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My Experience As a Collegiate Athlete

Andrew Conboy lays it in for two points.

My Experience As a Collegiate Athlete

At the start of the semester, I was privileged to join the men’s basketball team as a player. Previously I had been the team's manager, but after many injuries and roster changes, Coach Jesse Balcer offered me a spot to help out with practice. In my short time as a player, I have learned a lot about what it means to be a student-athlete and all that comes with it.

After playing in high school, my original intentions were to try out for CHC's team during my freshman year. Although I ended up not trying out, I kept up with the team and was at almost every home game to film for my work-study job. During the summer of my freshman year, Coach Balcer asked me to be part of the program as a manager, and I accepted. It was great to get involved with the Athletics Department, and I enjoyed hanging around the team, traveling and observing the goings-on of the season from a different perspective.

This season got off to a good start. The team was playing well in critical moments of our big games early on, and we ended up beating two good teams including Division I Coppin State University. After a 4-4 start, the team went on a 13-game losing streak and experienced no shortage of injuries and off-the-court drama that hurt the team. Before I knew it, we were down five players, and I was asked to lace up my sneakers again to give us an extra person for practice.

Since then, I’ve learned a bit about what it takes to be a student-athlete, and my appreciation for athletes at Chestnut Hill College has definitely deepened. First and foremost, adjusting to practice each day was not easy at first, especially because I was not in basketball shape. It took a few practices to adjust to this more intense conditioning, which made me realize just how good your endurance has to be to play basketball at the collegiate level. The game was undoubtedly faster and more strategic than in high school, and players have to be prepared for that pace. Not only are practices physically wearing at times, but, when you are an athlete, you have to plan your meals and sleep patterns around your practice schedule.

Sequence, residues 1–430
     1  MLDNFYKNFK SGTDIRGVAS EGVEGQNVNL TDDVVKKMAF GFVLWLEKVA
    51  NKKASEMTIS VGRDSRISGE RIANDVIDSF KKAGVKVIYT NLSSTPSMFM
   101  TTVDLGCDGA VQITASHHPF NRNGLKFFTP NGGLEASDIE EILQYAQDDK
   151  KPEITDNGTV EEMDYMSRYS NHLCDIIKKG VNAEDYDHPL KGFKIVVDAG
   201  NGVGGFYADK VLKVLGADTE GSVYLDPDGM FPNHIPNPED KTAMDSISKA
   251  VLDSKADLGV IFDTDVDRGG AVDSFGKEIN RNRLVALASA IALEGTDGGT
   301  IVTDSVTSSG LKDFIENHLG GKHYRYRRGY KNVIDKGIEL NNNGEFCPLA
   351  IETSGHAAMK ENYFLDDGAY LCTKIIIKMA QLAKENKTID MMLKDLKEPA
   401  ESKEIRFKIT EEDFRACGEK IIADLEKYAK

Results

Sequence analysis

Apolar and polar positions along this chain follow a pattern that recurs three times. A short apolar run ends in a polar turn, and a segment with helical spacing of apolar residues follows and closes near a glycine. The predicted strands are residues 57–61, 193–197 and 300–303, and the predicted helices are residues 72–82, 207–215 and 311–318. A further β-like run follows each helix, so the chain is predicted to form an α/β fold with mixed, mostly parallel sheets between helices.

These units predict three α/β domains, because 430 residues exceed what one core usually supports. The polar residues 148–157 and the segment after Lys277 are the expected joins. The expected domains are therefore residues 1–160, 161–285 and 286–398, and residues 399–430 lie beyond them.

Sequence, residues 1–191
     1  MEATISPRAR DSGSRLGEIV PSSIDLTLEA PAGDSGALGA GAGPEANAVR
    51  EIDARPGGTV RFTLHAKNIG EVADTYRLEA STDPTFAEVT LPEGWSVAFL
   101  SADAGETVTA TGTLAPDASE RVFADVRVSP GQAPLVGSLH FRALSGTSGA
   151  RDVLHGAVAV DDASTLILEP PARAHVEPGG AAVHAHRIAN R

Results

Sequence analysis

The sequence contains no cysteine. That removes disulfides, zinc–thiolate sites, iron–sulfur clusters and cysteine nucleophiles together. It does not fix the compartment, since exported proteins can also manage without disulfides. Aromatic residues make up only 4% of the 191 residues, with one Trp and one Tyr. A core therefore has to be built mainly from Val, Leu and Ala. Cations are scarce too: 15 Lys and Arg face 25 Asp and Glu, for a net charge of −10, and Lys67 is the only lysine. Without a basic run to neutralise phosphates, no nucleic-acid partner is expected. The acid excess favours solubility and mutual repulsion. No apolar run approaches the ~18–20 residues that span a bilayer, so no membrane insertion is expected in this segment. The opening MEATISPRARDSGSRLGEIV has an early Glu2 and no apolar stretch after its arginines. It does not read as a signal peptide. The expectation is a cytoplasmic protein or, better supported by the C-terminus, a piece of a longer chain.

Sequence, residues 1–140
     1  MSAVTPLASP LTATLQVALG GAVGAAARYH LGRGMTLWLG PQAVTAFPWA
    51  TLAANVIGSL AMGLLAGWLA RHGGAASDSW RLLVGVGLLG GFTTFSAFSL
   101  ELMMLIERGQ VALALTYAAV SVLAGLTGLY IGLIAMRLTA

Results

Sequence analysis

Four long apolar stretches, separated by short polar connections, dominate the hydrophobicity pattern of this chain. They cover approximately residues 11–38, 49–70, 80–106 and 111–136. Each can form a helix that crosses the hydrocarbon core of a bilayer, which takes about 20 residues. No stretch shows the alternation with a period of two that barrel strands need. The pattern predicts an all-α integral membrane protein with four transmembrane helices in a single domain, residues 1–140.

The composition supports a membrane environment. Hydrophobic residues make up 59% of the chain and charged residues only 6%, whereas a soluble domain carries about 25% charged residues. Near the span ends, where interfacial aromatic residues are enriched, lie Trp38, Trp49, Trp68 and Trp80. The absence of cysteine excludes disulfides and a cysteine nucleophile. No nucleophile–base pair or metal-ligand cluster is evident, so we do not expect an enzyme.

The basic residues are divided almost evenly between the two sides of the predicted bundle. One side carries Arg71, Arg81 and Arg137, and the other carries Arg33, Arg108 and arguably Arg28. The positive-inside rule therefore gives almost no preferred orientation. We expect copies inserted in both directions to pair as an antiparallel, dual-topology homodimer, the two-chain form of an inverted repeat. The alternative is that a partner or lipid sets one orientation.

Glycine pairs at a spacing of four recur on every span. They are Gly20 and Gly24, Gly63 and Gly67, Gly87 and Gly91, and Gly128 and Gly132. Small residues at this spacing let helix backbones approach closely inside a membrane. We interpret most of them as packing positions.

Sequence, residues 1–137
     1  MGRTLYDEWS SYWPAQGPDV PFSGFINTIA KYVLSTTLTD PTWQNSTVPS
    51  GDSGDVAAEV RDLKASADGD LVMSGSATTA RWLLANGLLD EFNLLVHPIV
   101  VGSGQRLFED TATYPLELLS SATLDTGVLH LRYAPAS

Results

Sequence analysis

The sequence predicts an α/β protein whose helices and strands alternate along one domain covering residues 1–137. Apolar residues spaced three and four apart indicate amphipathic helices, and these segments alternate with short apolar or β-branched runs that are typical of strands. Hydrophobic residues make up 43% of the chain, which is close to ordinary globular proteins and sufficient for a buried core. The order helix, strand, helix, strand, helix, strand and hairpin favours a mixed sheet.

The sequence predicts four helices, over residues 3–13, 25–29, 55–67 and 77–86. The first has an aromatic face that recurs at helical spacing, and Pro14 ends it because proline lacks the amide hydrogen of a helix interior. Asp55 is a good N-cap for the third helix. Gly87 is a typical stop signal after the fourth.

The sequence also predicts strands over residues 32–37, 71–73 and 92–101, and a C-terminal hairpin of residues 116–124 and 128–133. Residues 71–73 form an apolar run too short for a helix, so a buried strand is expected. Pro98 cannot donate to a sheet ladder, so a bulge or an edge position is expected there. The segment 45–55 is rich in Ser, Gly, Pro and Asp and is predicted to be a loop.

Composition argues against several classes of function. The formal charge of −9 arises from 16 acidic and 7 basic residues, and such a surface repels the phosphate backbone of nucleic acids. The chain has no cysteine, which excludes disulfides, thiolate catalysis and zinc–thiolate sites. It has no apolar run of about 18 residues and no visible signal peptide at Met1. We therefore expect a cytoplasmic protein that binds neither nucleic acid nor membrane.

“Should I really be eating this an hour before practice? “

“Okay, practice starts at 4:00, so I won’t be able to get to dinner in the cafeteria. I’ll have to run to the Griffin’s Den between classes to grab a quick bite.”

“Practice is in two hours, do I have enough time to fit a quick nap in?”

These were just a few of the things I had to ask myself and consider during the week. Not to mention potential conflicts with classes, meetings or other outside work. Because practice times vary, players must stay on top of their schedule, and sometimes plan days ahead to ensure maximum preparedness and that no conflicts arise. Additionally, completing and staying ahead of your work in your classes must remain a top priority. I personally found it a bit tough to find the motivation to complete homework after an intense two-hour practice. I also found that playing a sport is a different type of commitment in that there is very little leeway or flexibility. If you don’t show up to practice or are late, for example, there will be harsh punishments. It’s essentially an additional class that requires a few hours each day and comes with more pressure to perform. Overall, the time management skill, which is already important for any college student, is that much more so when you’re an athlete.

Another thing that I have been giving thought to since joining the team is weighing the overall importance of the sport against your professional career goals and endeavors. As an in-season athlete, it’s always at the top of your priority list to do the best you can, and earn as many wins as possible for the program and for the school. The sport is such a grand commitment that it may sometimes overtake potential career opportunities or academic achievements. Finding a harmonious balance between remaining eager to play the sport, while simultaneously being focused on career and academic goals can be difficult. I have definitely gained respect for student-athletes and their grind to find that balance.

Overall, being an athlete has been a fun and unique experience. In addition to teaching me a deeper sense of time management and prioritization, it has come with many great things, including awesome teammates and experiences. In my first college game on the court, I was able to net home two points, much to the delight of my teammates, coaches, and the crowd!